I am really pleased with my progress in improving my flock genetics using National Sheep Improvement Program (NSIP) data. I don’t think there is any way I could have made such fast gains by just picking sheep based on visual appraisal, or trying to sort through hundreds of data points in past records. (And, in fact, there is plenty of scientific evidence to back this up.)

The things I’ve been focusing on the most are lamb growth and maternal milk (maternal weaning weight, or MWWT). My growth numbers are starting to chase the system average, which is pretty cool, because a lot of people in the system feed grain to their lambs in the first 120 days, and I don’t.

Here is my weaning weight improvement compared to the averages for our breed:

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And post-weaning weight:

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Maternal milk is very important to me, since my lambs are born on pasture, and milk is the only input they have until they are old enough to digest grass. For people who offer their lambs high protein creep feed, this is less of an issue. As long as the lamb has genetics for growth, he can compensate for poor mother’s milk by eating more grain. My lambs can’t. So milk is critical; for me, lambs with poor milk supplies tend to linger here long past the age I’d like them to be ready to butcher.

I’ve been working hard to sell or cull ewes that have lower milk scores; though I’m doing it slowly. I also need mature ewes to stay here and produce butcher lambs, because I need those too. It’s a tradeoff of replacing highly productive (in number of lambs born) mature ewes with less productive yearlings that have better milk scores. My average score is improving, though it looks flat this year. This is mostly because I’ve brought in two rams which have very little data for MWWT, so they are pulling my scores back down. But overall, I’m pleased here: I’m seeing fewer “weanie” lambs which are held back by their mother’s lactation. And my keeper ewes are getting stronger and stronger in this score.

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One area where I’m diverging from the goals of many in the system is number of lambs born and weaned (NLB and NLW). These, naturally, are an encouraged focus; because it’s usually more profitable to get more lambs on the ground and to weaning, even if they grow slower. Grain feeders don’t mind this as much, because they can just accelerate the lambs’ growth with grain, when needed. But since that’s impractical (and expensive) for me, I’m generally very displeased with slow-growing lambs of any birth number. For me, it’s better to have twins that get out of here by November, than triplets I have to feed until Feb. So, I haven’t been focusing so much on NLB and NLW, and you can tell; there is a big gap between my averages and the national average. I’ve also actually dropped in NLB, which I think is attributed to something weird going on in my management system; and I’ve talked about that before. I’m going to continue to see if I can try to fix that, as I don’t think that’s purely genetic.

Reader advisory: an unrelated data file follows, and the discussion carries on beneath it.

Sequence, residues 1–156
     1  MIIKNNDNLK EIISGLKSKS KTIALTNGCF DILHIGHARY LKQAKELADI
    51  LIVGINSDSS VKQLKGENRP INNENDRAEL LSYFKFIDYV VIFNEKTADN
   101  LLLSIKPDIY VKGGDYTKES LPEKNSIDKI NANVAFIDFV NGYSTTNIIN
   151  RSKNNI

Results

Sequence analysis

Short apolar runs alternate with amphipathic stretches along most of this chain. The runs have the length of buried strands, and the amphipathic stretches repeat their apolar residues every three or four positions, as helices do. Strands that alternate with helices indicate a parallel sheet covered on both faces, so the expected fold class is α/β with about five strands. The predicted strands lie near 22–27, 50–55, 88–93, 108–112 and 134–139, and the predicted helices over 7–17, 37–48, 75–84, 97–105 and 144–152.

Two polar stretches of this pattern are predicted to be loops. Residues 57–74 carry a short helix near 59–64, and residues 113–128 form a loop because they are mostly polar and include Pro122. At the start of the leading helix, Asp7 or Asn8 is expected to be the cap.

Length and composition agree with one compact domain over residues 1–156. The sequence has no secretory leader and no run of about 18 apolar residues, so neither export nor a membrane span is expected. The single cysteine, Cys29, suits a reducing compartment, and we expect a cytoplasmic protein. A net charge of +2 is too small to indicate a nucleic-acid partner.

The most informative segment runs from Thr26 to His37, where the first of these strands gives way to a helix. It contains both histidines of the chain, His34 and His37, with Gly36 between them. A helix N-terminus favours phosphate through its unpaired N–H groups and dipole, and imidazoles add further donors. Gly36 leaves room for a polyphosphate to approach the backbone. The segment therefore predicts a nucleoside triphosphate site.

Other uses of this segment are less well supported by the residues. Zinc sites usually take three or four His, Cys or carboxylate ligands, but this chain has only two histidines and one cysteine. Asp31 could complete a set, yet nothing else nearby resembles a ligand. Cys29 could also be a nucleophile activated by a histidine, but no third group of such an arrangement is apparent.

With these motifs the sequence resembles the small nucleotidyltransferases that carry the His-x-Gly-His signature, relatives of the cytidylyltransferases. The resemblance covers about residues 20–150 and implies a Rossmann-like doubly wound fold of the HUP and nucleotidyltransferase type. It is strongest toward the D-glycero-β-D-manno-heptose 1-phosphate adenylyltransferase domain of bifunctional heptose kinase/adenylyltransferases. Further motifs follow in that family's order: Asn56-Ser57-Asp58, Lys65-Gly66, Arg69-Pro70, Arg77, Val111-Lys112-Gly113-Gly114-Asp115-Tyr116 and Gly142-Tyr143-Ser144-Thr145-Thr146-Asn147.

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The USA_HAIR index is a composite score, which combines WWT (the ewe’s own genetics for growth as a lamb), MWWT (the ewe’s maternal milk, plus any other maternal factors which figure in to encouraging lamb growth), NLW (number of lambs weaned); and negatively weights NLB. The last thing is somewhat counter-intuitive, but Dr. Notter’s explanation clarifies: “Small negative emphasis on Number of Lambs Born EBV favors ewes that wean large litters without losing any lambs. A ewe that produces twins and weans them both will thus be favored over a ewe that has triplets but weans only two lambs. However, ewes that wean triplets will always have substantially higher index values than ewes that wean twins.”

I am making modest gains on this index, but not compared to everyone else, because it weights NLW heavily, and most people in the system seem to be focusing on that.

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I am finding that I don’t always “agree” with this index, because it does not weigh growth or maternal milk heavily enough for what I need. I prefer the “Maternal$” index, which seems to weigh more heavily growth and milk, which makes more sense for grass-fed or “range” flocks. When I want to do a “quick sort” on which sheep I think are the best for long-term breeding goals, I tend to use Maternal$ to make my top and bottom picks.

Here is the “dashboard” of my top ewe, whom I think is pure bliss as far as data goes. It doesn’t hurt that she’s also quite attractive in appearance; but I wouldn’t care if she looked like a hippopotamus. She has very profitable genetics! I can’t wait to get some sires out of her. Annoyingly, this year, she had twin ewelambs, and she had them about 30 days late, which means I don’t know the sire. But they are fabulous growers already. So some lucky somebody is going to get some really awesome, modestly-priced commercial ewes this summer!

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